What Is a Casino?

A casino is a place where people gamble in games of chance. Slot machines, blackjack, poker, craps and other games of chance rake in billions of dollars for casinos every year. A casino is a complex entertainment venue with restaurants, bars and hotel rooms. Its elaborate themes, dazzling lights, and musical shows provide a lot of entertainment and profits for the owners. But even with the glitz and glamour of today’s casinos, they wouldn’t exist without the games of chance.

Gambling almost certainly predates recorded history, with primitive protodice and carved six-sided dice found in ancient archaeological sites. But the modern casino as a place to find a variety of ways to gamble under one roof didn’t appear until the 16th century, during a gambling craze in Europe. Italian aristocrats would hold private parties at “ridotti” where they could play cards and other games of chance, even though the activities were technically illegal.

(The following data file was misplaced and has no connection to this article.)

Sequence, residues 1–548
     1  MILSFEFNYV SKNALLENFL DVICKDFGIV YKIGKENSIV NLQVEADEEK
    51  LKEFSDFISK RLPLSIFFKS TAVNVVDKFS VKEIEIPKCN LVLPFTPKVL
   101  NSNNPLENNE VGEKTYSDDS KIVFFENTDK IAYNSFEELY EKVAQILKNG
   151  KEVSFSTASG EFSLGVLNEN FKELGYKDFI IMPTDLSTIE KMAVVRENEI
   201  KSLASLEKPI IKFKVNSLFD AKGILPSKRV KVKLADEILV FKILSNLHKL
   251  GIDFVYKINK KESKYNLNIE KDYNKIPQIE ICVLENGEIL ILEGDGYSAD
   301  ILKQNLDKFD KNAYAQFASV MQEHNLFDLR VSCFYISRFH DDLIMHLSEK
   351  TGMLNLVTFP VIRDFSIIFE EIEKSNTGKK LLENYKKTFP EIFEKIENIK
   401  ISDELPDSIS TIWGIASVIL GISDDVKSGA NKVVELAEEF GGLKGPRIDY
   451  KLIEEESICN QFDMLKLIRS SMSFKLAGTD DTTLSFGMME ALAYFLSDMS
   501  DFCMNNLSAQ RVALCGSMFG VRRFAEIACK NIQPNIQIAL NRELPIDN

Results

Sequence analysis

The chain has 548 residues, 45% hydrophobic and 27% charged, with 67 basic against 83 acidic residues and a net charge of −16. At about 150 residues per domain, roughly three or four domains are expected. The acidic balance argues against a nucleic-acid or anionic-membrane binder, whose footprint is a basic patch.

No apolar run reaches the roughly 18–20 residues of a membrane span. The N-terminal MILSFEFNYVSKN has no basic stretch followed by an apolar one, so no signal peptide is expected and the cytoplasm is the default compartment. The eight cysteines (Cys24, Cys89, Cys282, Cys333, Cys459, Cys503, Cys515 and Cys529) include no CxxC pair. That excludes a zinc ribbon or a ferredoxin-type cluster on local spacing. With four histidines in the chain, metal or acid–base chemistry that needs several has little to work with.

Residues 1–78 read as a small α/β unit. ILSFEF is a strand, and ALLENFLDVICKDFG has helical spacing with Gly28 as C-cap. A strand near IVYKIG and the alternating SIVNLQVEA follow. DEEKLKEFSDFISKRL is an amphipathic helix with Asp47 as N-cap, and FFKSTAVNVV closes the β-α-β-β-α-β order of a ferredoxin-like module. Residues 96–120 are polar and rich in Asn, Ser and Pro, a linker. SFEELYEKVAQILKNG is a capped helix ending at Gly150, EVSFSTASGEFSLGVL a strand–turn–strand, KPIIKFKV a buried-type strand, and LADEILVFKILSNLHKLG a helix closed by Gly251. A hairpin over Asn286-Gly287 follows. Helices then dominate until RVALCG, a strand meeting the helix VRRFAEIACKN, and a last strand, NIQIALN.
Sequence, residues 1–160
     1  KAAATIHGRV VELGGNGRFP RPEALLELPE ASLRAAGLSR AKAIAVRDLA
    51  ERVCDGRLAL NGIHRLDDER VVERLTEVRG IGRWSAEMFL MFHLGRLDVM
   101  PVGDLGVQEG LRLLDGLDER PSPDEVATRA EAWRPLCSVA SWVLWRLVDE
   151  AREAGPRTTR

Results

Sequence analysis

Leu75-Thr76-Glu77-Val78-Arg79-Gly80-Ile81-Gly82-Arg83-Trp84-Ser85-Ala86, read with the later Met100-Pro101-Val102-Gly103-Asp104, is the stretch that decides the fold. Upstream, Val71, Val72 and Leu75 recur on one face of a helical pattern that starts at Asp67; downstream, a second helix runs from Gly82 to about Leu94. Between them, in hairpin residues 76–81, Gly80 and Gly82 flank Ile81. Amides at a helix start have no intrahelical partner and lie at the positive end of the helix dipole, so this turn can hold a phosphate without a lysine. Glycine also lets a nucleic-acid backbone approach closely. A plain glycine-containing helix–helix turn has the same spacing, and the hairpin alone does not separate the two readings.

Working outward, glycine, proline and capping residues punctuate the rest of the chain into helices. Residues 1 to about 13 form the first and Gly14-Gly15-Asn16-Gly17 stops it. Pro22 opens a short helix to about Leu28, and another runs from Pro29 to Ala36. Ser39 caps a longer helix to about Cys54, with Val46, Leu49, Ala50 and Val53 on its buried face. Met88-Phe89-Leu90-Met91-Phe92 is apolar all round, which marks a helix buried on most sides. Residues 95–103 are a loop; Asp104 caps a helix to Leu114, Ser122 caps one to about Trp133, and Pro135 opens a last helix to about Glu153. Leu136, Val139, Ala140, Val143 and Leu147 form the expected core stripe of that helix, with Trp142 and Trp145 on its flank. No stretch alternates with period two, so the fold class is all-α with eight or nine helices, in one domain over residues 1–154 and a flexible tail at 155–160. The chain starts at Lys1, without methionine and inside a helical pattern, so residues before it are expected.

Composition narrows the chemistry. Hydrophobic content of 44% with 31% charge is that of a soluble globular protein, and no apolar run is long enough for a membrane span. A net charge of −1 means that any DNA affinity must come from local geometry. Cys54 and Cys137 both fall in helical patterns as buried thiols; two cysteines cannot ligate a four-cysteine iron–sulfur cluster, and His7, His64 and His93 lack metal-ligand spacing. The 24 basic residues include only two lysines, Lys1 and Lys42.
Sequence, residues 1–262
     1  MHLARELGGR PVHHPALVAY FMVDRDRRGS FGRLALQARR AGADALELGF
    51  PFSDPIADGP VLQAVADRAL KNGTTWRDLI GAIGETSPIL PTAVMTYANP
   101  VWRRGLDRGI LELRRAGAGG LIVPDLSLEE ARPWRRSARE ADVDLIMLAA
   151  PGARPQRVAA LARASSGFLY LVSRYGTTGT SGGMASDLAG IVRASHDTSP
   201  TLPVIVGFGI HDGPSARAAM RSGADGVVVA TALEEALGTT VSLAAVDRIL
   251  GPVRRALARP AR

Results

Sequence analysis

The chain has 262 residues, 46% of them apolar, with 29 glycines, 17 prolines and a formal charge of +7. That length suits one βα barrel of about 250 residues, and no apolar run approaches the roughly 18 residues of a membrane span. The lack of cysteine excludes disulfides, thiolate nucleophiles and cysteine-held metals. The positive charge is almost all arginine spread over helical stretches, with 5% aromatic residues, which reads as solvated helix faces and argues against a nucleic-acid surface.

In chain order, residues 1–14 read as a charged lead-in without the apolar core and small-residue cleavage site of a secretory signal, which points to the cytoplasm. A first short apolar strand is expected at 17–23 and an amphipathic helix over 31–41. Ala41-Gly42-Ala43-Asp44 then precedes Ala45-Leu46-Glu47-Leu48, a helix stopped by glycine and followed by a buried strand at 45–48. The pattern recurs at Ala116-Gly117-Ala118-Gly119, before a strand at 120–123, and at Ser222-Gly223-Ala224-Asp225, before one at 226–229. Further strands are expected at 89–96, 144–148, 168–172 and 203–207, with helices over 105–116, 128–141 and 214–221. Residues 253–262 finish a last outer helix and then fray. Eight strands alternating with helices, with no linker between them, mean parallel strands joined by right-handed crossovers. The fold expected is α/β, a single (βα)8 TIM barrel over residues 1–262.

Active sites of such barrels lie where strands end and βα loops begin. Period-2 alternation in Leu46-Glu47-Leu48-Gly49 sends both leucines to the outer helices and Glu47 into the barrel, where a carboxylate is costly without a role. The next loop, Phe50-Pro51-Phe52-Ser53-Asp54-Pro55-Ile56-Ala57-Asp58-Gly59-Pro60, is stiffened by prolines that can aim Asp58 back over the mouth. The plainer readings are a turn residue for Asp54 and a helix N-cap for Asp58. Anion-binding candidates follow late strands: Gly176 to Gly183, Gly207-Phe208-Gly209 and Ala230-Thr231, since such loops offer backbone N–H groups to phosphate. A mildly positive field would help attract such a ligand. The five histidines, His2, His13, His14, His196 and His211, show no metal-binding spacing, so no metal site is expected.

In the United States, casinos first appeared in Atlantic City, New Jersey and Iowa, where riverboats could legally offer gambling. By the 1980s, corporations and wealthy investors were buying up properties to build casinos. Some were even located on Native American reservations, where they didn’t have to comply with state antigambling laws.

While casinos rely on games of chance to make money, they also use a range of tricks to attract and keep patrons. For example, the machines are designed to appeal to a person’s sense of sight and sound — bells, whistles and the cling clang of coins dropping during payouts add to the sensory experience. In addition, dealers watch patrons closely for blatant cheating such as palming and marking cards. And each table has a manager or pit boss watching for betting patterns that might signal collusion between players.